Talk:Ikegami Tsushinki

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Iggy, do you have access to the book referenced in this entry? Does it actually name any games developed by Ikegami? More games have been added to the Wikipedia article: Space Demon (variation of Space Firebird), Computer Othello, Heli Fire, Space Launcher, and Sky Skipper. Have these been confirmed, or is someone just guessing? This page says Ikegami had nothing to do with Computer Othello...I think... CRV 06:57, 8 June 2008 (CDT)

Iwasaki Giken

In the chapter about the conflict between Nintendo and Ikegami, Akagi notes that Nintendo had gained enough technical knowledge to proceeed with the complete development of games on their own, with Donkey Kong Jr. being Nintendo's first game entirely developed in-house. But Ikegami sues because they suspect Nintendo of having disassembled the original Donkey Kong in the development of Junior, thereby including code by Ikegami in their new program, which seems to be accepted by both Akagi and the court. But at the end of the chapter, he mentions that the disassembly and redevelopment of Donkey Kong was carried out at Nintendo's subcontractor Iwasaki Giken (岩崎技研工業) in Kyoto. This could be another track to investigate. --Idrougge 16:29, 28 August 2007 (CDT)

A search of Iwasaki Giken doesn't bring up anything particularly interesting. I guess it made some sort of assembler called "PROASM II." CRV 20:35, 28 August 2007 (CDT)

Crazy Kong

Does anyone know the true origins of the game Crazy Kong? The revelation that Ikegami coded and built DK, amongst other higher profile arcade games, and not Nintendo in house may help to explain where this game surfaced from. I've always thought this was a hack built from beta status code from a prototype DK board that was leaked, and not what is commonly accepted a semi legit licensed version for outside Japan and the US. The implied fact that subcontracting was used only increases the chances of the code for DK being leaked. So does anyone really know for sure, because this has been bugging me since 1981 :) (Puckman)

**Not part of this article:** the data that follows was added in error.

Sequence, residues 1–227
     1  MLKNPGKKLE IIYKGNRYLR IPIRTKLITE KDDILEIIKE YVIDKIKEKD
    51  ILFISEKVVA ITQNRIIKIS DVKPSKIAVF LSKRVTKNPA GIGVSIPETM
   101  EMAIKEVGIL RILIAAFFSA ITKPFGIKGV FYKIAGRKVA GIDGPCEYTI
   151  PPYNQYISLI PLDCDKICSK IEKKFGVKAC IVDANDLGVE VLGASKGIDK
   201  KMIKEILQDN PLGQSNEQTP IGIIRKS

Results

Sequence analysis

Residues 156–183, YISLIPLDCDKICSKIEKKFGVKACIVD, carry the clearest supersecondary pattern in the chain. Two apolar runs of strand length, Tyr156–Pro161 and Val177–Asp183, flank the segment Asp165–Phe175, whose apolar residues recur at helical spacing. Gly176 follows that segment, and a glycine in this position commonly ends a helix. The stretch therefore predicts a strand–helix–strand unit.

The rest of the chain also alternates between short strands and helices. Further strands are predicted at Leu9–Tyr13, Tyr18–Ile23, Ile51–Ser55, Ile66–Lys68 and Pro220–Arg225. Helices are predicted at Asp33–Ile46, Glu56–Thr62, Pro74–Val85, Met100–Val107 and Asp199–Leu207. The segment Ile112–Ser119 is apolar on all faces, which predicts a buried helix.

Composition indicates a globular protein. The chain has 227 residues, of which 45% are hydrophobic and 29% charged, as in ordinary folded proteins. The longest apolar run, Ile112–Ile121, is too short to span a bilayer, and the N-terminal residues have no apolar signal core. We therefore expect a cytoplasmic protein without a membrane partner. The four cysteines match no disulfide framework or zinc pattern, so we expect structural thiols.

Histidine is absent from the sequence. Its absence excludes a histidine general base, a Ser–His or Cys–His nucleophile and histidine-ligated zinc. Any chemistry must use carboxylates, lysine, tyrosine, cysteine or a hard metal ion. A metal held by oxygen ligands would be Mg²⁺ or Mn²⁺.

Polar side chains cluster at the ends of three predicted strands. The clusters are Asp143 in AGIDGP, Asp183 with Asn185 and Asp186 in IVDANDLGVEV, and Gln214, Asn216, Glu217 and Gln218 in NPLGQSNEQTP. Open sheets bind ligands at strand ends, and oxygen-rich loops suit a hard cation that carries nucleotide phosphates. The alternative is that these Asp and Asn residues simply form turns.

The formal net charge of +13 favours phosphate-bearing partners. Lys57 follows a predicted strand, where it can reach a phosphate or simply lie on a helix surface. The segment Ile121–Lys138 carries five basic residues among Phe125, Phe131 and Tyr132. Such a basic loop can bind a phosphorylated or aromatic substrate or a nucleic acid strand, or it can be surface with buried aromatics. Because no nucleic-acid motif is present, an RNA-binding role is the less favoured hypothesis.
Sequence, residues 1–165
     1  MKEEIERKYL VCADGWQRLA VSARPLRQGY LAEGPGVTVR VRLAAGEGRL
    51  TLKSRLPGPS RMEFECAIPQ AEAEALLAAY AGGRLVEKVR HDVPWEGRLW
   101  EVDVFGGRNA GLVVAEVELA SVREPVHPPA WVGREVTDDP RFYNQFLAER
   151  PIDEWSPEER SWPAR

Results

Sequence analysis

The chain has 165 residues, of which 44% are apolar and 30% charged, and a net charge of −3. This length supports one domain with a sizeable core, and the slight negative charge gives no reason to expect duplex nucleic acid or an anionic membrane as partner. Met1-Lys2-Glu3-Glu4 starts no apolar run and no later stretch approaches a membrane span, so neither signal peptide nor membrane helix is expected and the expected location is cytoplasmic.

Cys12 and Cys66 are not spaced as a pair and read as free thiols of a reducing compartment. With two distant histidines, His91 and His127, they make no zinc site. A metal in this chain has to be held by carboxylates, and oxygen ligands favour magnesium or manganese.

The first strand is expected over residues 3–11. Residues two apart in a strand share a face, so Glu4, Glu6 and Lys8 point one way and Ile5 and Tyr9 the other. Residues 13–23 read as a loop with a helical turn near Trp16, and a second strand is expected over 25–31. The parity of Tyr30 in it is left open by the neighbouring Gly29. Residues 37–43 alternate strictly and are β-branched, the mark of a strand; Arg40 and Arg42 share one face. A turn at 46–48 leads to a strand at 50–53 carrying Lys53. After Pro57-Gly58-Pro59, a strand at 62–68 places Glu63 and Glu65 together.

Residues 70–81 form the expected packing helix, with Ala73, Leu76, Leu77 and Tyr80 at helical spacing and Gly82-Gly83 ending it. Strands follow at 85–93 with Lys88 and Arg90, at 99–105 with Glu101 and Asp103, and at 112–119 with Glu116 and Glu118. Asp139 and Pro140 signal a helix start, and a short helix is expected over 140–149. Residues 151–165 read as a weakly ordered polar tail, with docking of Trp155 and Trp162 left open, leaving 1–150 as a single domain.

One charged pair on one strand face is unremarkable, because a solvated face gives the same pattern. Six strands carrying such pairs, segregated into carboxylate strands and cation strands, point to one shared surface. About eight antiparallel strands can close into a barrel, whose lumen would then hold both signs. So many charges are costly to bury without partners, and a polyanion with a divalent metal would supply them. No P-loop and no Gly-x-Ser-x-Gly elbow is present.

Update: Some Japanese information (forums, blogs, etc) seem to indicate that the Crazy Kong bootleg game derived from the company Falcon/Kyoei. Like Nintendo they had no development capabilities at the time, they were however prolific in the manufacture of bootleg PCBs, culminating a few years down the line in the company's management receiving custodial sentences for their bootleg version of Crazy Kong JR - courtesy of Nintendo. This is ironic as Nintendo granted limited official license status to Crazy Kong outside of the US and Japan, when it became clear it could not meet global customer demand. In terms of hardware they utilised the 1980 Nichibutsu Crazy Climber boardset, and some sources suggest development work was outsourced to shoehorn the early cut DK code on to the different, technically inferior and older specced platform. The company suggested to be involved in this activity was UPL which later went on to develop a number of popular games throughout the mid 80s and 90s. How much of this is verifiable as fact is difficult to say, but there's certainly more information out there now than there was when I first posed the question above. (Puckman)